Whereas annual drug overdose deaths in the United States had hovered around 70,000 — an intolerably high level — from 2017 through 2019, evidence suggests that they accelerated last year. Provisional data from the Centers for Disease Control and Prevention show that there were 90,237 drug-overdose deaths in the 12 months ending in September 2020, a leading indicator that implies a substantial increase over 2019’s total of 70,630, when final figures for all of 2020 are in. Seventy percent of drug overdose deaths are opioid-related, according to the most recent CDC figures.
Governments — federal, state and local — must do everything possible to prevent further backsliding. In fairness, the nature of the problem constantly mutates even as officials try to cope with it. Prescription drugs such as oxycodone were responsible for the first wave of deaths this century; then came a follow-on epidemic of heroin in the 21st century’s second decade. Now data show that the death toll from those substances has stopped increasing, but that this is offset by a spike in deaths from synthetic opioids such as fentanyl. Fentanyl probably accounted for the surge last year, along with more modest upticks in methamphetamine- and cocaine-related deaths.
President Biden recently decided to support extension through this year of an emergency law, expiring May 6, that makes it easier for law enforcement to target traffickers of fentanyl “analogues,” rather than seek special drug-by-drug authority to take on each of these chemically similar substances. Given the role that international smuggling from China and Mexico plays on the supply side of this drug, Mr. Biden made, on balance, the right call, despite critics’ legitimate concerns about reviving a repressive “war on drugs” approach.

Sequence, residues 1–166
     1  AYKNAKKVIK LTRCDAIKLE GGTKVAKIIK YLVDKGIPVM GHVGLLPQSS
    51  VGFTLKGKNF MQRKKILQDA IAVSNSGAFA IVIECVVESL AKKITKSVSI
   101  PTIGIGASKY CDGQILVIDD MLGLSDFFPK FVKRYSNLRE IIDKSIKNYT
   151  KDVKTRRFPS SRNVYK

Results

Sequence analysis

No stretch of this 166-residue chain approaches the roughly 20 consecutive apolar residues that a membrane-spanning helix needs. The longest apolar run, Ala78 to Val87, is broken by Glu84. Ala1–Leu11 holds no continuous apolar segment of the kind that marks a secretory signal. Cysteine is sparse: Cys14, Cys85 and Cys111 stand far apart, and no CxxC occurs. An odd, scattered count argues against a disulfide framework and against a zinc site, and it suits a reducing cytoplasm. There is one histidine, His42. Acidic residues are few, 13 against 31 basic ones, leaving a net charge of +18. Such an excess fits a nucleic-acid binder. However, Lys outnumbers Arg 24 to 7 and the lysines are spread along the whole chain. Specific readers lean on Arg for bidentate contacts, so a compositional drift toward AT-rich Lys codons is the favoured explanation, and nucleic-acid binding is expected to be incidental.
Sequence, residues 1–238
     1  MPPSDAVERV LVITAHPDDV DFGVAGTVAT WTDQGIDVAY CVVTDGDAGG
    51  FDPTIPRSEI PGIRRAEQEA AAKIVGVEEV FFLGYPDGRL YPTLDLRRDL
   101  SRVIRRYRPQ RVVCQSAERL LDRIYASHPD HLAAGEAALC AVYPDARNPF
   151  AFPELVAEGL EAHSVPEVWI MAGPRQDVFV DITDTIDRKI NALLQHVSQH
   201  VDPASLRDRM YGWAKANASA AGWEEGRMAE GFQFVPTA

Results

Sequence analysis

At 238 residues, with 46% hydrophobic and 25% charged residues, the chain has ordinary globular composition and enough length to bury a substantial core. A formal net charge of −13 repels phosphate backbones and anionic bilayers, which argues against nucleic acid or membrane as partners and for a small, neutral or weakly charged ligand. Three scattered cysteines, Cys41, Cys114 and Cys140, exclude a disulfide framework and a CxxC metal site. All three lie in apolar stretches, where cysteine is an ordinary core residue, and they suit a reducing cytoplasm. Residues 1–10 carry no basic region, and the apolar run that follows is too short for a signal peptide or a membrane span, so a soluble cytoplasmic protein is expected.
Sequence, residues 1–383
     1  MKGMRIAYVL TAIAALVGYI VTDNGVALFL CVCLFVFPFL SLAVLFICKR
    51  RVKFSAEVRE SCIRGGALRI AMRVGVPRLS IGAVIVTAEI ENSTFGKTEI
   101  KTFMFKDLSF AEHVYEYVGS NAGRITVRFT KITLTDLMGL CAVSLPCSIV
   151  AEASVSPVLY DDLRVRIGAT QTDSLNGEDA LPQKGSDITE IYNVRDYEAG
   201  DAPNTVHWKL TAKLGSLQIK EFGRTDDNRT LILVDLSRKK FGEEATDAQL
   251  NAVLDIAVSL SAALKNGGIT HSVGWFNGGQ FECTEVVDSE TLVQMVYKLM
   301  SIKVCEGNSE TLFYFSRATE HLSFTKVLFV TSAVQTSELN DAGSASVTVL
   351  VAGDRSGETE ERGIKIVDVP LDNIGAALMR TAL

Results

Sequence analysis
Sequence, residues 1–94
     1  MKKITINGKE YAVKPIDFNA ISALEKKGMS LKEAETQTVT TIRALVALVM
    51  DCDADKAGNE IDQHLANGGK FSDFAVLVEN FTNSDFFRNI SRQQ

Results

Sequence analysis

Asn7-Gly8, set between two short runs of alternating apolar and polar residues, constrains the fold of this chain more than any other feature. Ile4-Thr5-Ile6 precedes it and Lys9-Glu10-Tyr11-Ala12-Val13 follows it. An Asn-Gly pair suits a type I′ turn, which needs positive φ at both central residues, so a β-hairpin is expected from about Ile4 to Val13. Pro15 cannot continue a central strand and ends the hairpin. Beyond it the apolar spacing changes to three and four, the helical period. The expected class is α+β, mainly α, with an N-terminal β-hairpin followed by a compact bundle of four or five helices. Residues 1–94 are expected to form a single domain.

A wide spectrum of opinions — including Mr. Biden’s — recognizes, though, that ending the epidemic means reducing demand and, over time, calls for expanding access to treatment and to mental health care more generally. Mr. Biden included $1.5 billion for treatment of substance use disorders in his American Rescue Plan and advocated, in his fiscal 2022 budget proposal, $10.7 billion for research, prevention, treatment and recovery support services, $3.9 billion over the 2021 level.
This is a down payment on the $125 billion, 10-year commitment he proposed in the 2020 campaign. The next urgent task, however, is for Mr. Biden to fill out the executive branch team to carry out his strategy. So far, he has named former New Jersey attorney general Anne Milgram to be the new head of the Drug Enforcement Administration, but two other key bodies — the Food and Drug Administration and the Office of National Drug Control Policy — are still operating with an able acting commissioner and an acting director, respectively. Mr. Biden is on track toward the right policy, but the right confirmed personnel will ensure its full impact.